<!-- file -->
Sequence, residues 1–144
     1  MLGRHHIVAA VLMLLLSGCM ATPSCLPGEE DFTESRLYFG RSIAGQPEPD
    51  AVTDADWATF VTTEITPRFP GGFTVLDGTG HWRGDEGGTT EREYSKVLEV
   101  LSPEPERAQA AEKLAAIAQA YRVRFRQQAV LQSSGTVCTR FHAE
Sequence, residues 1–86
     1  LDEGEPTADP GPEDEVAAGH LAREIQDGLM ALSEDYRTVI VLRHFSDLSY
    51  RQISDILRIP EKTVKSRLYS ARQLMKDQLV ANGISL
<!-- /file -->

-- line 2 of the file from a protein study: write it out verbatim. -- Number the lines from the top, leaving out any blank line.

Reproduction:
     1  MLGRHHIVAA VLMLLLSGCM ATPSCLPGEE DFTESRLYFG RSIAGQPEPD